1702: England make a dream start as Jonathan Joseph, Mike Brown and George Ford combine in a scintillating break down the right before Ben Youngs takes an inside pass to cross over the whitewash. Ford adds the conversion to make it 7-0.

1707: Ford misses a long-range penalty attempt and the chance to give England a 10-point advantage in the seventh minute.

1712: France fly-half Jules Plisson has no such issues from the tee and makes it 7-3 with his own penalty.

1715: Sebastien Tillous-Borde takes advantage of a calamitous England mix-up to run in uncontested from deep and put France into an 8-7 lead. Plisson misses the conversion.

1719: France wing Noa Nakaitaci breaks clear down the left wing for what should have been an easy try, but it ended up being awarded contentiously as the television match official was required to confirm he had not stepped over the dead-ball line before grounding it. This time Plisson adds the extras to make it 15-7.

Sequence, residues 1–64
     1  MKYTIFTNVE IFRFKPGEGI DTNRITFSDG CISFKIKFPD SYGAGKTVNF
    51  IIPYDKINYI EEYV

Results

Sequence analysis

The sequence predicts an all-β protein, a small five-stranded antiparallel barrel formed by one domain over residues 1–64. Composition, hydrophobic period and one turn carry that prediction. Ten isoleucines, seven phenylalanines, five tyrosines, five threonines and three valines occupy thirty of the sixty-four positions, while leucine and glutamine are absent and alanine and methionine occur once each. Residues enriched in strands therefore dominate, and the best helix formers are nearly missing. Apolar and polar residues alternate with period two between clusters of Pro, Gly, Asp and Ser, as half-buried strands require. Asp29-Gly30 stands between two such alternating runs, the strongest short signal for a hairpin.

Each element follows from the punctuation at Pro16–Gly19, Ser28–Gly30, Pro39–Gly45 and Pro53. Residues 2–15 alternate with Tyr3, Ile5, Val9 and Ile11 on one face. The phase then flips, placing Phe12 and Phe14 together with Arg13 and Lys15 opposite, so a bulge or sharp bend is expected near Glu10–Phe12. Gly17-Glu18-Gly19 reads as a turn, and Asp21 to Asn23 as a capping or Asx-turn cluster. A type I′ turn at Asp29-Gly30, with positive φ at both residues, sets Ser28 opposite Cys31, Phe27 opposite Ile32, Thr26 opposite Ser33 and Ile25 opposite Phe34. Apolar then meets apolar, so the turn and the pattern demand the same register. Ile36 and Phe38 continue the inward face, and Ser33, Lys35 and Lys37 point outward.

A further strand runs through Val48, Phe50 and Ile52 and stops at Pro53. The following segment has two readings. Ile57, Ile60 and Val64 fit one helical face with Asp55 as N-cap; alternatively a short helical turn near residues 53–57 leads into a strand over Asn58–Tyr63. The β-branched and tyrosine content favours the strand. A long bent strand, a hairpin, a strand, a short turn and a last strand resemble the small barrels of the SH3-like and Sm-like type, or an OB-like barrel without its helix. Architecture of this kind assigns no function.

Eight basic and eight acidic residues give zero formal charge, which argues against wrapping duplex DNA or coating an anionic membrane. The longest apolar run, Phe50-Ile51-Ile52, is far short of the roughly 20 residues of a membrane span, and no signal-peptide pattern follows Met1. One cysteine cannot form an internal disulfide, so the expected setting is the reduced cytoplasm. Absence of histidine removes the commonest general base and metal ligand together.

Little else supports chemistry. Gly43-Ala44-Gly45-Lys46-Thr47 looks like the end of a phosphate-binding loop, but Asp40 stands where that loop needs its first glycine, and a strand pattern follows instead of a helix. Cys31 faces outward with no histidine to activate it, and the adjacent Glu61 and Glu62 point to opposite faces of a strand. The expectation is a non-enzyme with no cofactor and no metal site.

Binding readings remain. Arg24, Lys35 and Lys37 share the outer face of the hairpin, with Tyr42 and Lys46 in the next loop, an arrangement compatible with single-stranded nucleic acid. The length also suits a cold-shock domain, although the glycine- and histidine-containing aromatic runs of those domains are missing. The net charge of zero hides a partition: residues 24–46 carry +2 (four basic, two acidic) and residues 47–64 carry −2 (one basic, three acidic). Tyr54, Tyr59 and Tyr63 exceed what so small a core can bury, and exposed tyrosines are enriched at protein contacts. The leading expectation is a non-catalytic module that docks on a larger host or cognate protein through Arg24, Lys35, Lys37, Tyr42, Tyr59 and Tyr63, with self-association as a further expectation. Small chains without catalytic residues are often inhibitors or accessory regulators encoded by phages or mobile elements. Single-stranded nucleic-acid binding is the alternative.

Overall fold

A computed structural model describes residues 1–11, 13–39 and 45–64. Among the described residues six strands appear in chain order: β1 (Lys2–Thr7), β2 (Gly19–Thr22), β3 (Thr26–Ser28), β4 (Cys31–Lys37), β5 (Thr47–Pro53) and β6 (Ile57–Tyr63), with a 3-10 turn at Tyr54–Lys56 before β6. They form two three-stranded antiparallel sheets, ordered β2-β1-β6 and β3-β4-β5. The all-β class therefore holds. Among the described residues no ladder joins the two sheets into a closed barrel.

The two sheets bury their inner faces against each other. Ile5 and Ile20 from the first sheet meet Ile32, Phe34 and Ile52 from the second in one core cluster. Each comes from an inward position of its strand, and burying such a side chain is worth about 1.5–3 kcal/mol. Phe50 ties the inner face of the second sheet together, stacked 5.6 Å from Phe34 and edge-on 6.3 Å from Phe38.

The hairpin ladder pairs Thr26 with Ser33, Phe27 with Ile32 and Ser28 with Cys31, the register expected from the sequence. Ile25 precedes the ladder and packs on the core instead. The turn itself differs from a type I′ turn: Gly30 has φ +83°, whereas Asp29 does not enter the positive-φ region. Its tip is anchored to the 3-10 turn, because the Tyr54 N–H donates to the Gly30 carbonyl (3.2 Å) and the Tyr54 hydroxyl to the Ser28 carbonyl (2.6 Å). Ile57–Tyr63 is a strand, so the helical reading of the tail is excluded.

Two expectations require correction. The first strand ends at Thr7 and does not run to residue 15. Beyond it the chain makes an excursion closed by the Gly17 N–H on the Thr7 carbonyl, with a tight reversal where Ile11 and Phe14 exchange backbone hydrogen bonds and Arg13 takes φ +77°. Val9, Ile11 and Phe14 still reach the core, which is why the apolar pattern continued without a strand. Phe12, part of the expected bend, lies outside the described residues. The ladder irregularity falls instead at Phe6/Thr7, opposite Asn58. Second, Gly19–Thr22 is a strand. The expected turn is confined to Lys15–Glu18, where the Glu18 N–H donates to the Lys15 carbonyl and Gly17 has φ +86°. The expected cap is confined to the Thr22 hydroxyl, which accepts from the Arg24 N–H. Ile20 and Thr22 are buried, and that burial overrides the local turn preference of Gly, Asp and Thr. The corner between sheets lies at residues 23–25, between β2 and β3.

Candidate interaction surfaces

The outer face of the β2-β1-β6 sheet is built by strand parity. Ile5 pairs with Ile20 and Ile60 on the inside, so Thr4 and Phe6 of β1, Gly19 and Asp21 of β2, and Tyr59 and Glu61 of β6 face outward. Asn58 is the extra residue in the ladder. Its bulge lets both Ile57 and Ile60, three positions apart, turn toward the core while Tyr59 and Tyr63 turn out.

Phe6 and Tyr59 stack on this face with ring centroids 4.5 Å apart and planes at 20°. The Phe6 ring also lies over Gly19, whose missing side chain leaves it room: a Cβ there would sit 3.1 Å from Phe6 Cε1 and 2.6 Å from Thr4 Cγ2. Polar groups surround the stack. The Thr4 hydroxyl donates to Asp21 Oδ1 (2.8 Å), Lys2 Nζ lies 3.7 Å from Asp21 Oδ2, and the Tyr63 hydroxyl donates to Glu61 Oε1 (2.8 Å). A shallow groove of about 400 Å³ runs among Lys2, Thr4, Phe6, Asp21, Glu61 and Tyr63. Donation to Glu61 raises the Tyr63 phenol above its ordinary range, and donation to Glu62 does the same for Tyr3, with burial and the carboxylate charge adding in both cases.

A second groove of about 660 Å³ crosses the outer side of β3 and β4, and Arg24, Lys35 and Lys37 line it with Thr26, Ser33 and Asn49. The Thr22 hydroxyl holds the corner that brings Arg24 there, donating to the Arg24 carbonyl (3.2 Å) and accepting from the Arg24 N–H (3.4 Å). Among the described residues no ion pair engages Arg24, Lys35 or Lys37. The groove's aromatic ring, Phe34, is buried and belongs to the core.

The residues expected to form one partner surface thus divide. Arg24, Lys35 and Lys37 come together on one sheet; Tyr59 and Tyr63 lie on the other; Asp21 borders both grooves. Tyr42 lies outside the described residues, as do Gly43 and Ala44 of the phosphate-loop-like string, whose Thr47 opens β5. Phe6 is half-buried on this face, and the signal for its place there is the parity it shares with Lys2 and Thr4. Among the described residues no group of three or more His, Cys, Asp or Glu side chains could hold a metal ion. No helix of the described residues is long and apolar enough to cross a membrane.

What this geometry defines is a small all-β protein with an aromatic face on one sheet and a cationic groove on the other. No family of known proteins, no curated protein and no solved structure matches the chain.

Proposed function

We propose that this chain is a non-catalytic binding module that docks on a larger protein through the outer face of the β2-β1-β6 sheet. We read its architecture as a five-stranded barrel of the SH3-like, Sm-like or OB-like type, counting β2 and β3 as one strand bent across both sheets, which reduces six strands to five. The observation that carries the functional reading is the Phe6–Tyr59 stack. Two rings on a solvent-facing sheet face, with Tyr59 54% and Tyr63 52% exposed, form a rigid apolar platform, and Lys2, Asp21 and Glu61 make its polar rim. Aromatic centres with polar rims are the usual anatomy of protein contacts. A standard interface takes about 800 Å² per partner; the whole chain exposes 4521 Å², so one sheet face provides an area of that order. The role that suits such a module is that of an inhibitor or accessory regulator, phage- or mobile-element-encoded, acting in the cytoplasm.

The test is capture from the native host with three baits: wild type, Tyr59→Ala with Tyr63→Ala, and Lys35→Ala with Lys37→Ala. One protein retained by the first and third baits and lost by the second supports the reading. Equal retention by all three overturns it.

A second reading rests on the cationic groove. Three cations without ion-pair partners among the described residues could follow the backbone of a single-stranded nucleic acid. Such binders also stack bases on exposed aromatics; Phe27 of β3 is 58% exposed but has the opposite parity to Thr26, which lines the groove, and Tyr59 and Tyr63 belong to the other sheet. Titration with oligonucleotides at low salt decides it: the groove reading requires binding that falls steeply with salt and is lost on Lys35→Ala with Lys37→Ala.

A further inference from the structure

1736: Ford reduces the arrears to five points with a successful penalty attempt for England.

1740: Anthony Watson goes through in the corner after the television match official ruled in England's favour after a scrappy breakdown battle. Ford adds the extras to put England back in front 17-15.

1746: Ben Youngs adds his second try of the game with a neat dart round the fringes to go in under the posts. Ford makes no mistakes with the conversion to give England a 24-15 lead.

1754: Ford adds a penalty to make it 27-15 at half-time.

1809: France get back in it right at the start of the second half, with Maxime Mermoz jinking over and Plisson adding the extras to cut England's lead to 27-22.